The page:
Design and our Health: The Link Between Comfort, Aesthetics and Healing

Mariah Ruth Hay, MFA Industrial Design, Savannah College of Art and Design, mariahhay@gmail.com

ABSTRACT As the cost of healthcare in the United States grows, individuals and companies faced with this financial burden look to alternatives. These include practicing preventative care and encouraging shorter in-patient medical stays1. As a patient’s personal responsibility for their treatment increases, so does the array of medical devices they must learn to incorporate into their day-to-day routine2. Here the lines blur between hospital and home, sick and well, rest and activity. The challenge for the medical design community is to identify and address the physical ramifications medical devices have by crossing the psychological boundaries of hospital vs. home, communicated by product design. The objective of this paper is to explore the psychology behind American’s complex relationship with the medical industry. By examining psychological, sociological and historical pretexts, the impediments to designing effective medical devices surface, providing a deeper understanding of damaging and dangerous oversights in current medical design. This understanding can be applied to a new generation of products that relate to the user on an emotional level, shifting the paradigm to what products Americans associate with illness and with healing.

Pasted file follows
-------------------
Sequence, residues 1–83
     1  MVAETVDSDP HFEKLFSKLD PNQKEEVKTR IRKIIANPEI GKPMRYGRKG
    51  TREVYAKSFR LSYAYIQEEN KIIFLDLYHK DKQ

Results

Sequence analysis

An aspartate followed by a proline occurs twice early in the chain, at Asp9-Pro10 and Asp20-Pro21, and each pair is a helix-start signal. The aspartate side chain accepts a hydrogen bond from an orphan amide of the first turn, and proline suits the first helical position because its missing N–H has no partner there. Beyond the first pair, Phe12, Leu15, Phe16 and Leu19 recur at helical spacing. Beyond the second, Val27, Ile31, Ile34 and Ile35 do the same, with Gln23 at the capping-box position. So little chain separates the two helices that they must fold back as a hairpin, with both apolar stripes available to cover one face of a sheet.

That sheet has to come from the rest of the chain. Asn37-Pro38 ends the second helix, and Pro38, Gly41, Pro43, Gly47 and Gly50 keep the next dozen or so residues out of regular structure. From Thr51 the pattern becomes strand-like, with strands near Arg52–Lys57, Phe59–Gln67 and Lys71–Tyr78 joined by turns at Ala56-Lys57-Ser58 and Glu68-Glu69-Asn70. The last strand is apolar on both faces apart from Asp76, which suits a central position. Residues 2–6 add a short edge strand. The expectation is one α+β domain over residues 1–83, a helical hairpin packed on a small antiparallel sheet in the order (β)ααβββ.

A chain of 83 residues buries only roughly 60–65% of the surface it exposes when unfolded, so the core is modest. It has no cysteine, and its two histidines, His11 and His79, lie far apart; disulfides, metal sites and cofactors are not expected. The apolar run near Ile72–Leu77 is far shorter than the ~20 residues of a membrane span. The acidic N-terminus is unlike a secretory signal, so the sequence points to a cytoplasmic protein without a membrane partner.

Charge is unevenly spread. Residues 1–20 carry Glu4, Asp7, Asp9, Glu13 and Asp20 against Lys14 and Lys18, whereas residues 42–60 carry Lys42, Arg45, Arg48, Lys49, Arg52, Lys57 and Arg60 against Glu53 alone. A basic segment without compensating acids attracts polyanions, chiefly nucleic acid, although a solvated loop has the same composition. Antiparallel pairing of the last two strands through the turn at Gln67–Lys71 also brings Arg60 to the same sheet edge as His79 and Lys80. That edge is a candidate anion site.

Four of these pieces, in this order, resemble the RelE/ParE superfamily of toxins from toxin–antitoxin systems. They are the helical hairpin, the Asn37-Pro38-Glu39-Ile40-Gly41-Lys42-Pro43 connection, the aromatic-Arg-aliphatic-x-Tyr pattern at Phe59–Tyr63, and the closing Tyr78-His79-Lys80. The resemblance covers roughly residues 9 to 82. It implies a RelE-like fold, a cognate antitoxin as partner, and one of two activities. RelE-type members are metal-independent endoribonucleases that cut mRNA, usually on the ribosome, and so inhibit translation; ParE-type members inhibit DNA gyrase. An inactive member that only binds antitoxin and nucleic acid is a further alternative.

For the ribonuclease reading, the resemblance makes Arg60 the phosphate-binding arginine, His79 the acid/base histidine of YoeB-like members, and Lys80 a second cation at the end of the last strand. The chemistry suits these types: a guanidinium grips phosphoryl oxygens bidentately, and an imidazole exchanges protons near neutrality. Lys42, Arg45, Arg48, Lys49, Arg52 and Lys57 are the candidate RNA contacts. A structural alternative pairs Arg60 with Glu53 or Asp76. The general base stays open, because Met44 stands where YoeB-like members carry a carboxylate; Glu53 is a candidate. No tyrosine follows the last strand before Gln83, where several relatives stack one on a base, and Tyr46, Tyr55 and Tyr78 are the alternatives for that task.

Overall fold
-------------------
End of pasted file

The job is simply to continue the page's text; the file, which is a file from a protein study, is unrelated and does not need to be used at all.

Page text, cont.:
INTRODUCTION The intention of this paper is to identify a new context in which to design products used to aid in human healing. In order to do this, the current context in which these products are designed must be examined. Unhealthy lifestyles, an aging population, increase of disease and the shift of medical responsibility from the healthcare organization to the individual are some of the major issues facing the current American community3. This unhealthy context grows increasingly unstable as fewer and fewer Americans are able to

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CDC National Center for Health Statistics, January 28, 2009, Press Release, US Outpatient Surgeries on the Rise. (The number of outpatient surgery visits in the United States increased from 20.8 million visits in 1996 to 34.7 million visits in 2006. Outpatient surgery visits accounted for about half of all surgery visits in 1996 but nearly two thirds of all surgery visits in 2006) Greider, Katherine. The Ups and Downs of Outpatient Procedures: What You Need to Know. AARP Bulletin Today, August 15, 2008 (Josef Woodman, 56, of Chapel Hill, N.C. Was discharged from a hernia surgery before staff confirmed that he could urinate. Two days later in the emergency room he was relieved of a liter and a half of urine. Then staff discharged him with a catheter to use at home—with no instruction.) Population Health Integration Within a Medical Curriculum, An Eight-Part Toolkit

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American Journal of Preventive Medicine, Volume 29, Issue 3, Pages 234-239 L. Trevena, P. Sainsbury, C. Henderson-Smart, R. Clarke, G. Rubin, R. Cumming